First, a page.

When we were walking home from the recent association board retreat I just attended, one of my (much younger) colleagues stopped us so she could look around for “a cache.”  Turns out, she was “geocaching,” a modern day treasure hunt aided by GPS coordinates on your phone.

Through geocaching.com, you can discover clues to find one of the caches that is probably right around you. There are over 2 million caches hidden in the world, all waiting to be discovered.  Once you crack the code, you can record your conquest on the log located with the cache, document progress on your phone and be off to the next adventure.

It is surprisingly addictive.

We found remnants of one cache at our first stop: a key chain on a sewer grate with no log or trinket.  Next, members of the group were climbing into the woods, looking for a capsule stuck in a rock wall.  Darkness came before the cache did.  On night number two, we had success — a magnetic tube stuck in the drainpipe of an abandoned emergency training building.  And on night #3 we located the sign that gave us a clue, but decided against going further and using the key we found, just in case it wasn’t part of the chase!  So another “NF” (not found) for us.

Apparently caches can be large or small, realistic or fairy houses, easy or hard and either an end to themselves or just a clue to send you on an even longer adventure.

Think about how you can apply geocaching to your organization or next event.  Can you leave clues about your group and engage the delegates at one of your functions?  What about hiding a cache near your HQ or in a place that has significance for your organization (it’s a great way to describe your mission or history as you give the description/clues).  Could you use it at a company picnic or event to occupy a group of children?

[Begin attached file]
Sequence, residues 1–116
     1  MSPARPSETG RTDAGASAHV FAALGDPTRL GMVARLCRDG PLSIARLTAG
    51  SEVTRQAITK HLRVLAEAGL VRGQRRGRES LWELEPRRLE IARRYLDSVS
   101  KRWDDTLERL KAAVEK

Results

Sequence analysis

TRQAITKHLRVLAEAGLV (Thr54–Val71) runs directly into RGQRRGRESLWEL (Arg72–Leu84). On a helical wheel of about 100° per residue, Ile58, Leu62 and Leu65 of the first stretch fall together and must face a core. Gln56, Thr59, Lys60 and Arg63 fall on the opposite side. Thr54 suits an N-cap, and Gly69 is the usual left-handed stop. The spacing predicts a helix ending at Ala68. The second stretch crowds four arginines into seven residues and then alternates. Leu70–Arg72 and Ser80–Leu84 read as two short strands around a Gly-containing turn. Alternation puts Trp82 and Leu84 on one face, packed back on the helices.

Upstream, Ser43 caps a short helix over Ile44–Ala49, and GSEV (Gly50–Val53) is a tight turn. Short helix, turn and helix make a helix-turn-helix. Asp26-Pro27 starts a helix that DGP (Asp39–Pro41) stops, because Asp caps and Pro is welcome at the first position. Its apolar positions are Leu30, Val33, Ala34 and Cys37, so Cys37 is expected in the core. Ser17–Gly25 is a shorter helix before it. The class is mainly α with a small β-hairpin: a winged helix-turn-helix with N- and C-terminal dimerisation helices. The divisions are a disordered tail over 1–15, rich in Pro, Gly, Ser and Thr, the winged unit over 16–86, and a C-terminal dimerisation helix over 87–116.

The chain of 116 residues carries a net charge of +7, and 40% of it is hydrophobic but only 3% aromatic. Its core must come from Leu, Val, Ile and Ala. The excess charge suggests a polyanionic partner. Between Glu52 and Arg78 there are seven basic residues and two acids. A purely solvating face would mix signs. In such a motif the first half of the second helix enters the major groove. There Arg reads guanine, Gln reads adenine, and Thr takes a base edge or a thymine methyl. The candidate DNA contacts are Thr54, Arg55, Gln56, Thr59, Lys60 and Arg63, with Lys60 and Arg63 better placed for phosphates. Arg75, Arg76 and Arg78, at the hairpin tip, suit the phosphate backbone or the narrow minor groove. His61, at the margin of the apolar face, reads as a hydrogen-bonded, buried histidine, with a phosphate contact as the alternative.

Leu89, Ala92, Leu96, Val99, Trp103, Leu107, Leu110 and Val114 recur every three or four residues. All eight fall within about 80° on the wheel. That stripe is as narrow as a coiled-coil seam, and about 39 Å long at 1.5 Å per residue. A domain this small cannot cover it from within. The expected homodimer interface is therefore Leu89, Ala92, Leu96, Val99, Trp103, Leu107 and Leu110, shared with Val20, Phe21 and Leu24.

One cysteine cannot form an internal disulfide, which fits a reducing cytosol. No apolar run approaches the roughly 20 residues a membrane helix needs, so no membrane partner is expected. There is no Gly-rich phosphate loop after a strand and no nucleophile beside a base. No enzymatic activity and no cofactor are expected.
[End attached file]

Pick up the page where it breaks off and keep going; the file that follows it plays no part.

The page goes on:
The possibilities are endless, and it is great exercise as well as mental stimulation.  

See you on the hunt!

— beth triplett
leadershipdots.blogspot.com

@leadershipdots
leadershipdots@gmail.com

see www.geocaching.com
or www.clear.uconn.edu/geospatial/GPS/PDFs/A%20Beginners%20Guide%20to%20Geocaching.pdf for a beginner’s step by step guide

The black tube with orange top is the “cache” we found in the drainpipe

The log that was inside the cache to be signed and replaced in the tube
Note how many others have done this hunt!


About the Author leadership dots by dr. beth triplett

Dr. beth triplett is the owner of leadership dots, offering coaching, training and consulting for new supervisors. She also shares daily lessons on her leadershipdots blog. Her work is based on the leadership dots philosophy that change happens through the intentional connecting of small steps in the short term to the big picture in the long term.

Leave a Reply

Fill in your details below or click an icon to log in:

WordPress.com Logo

You are commenting using your WordPress.com account. Log Out / Change )

Twitter picture

You are commenting using your Twitter account. Log Out / Change )

Facebook photo

You are commenting using your Facebook account. Log Out / Change )

Google+ photo

You are commenting using your Google+ account. Log Out / Change )

Connecting to %s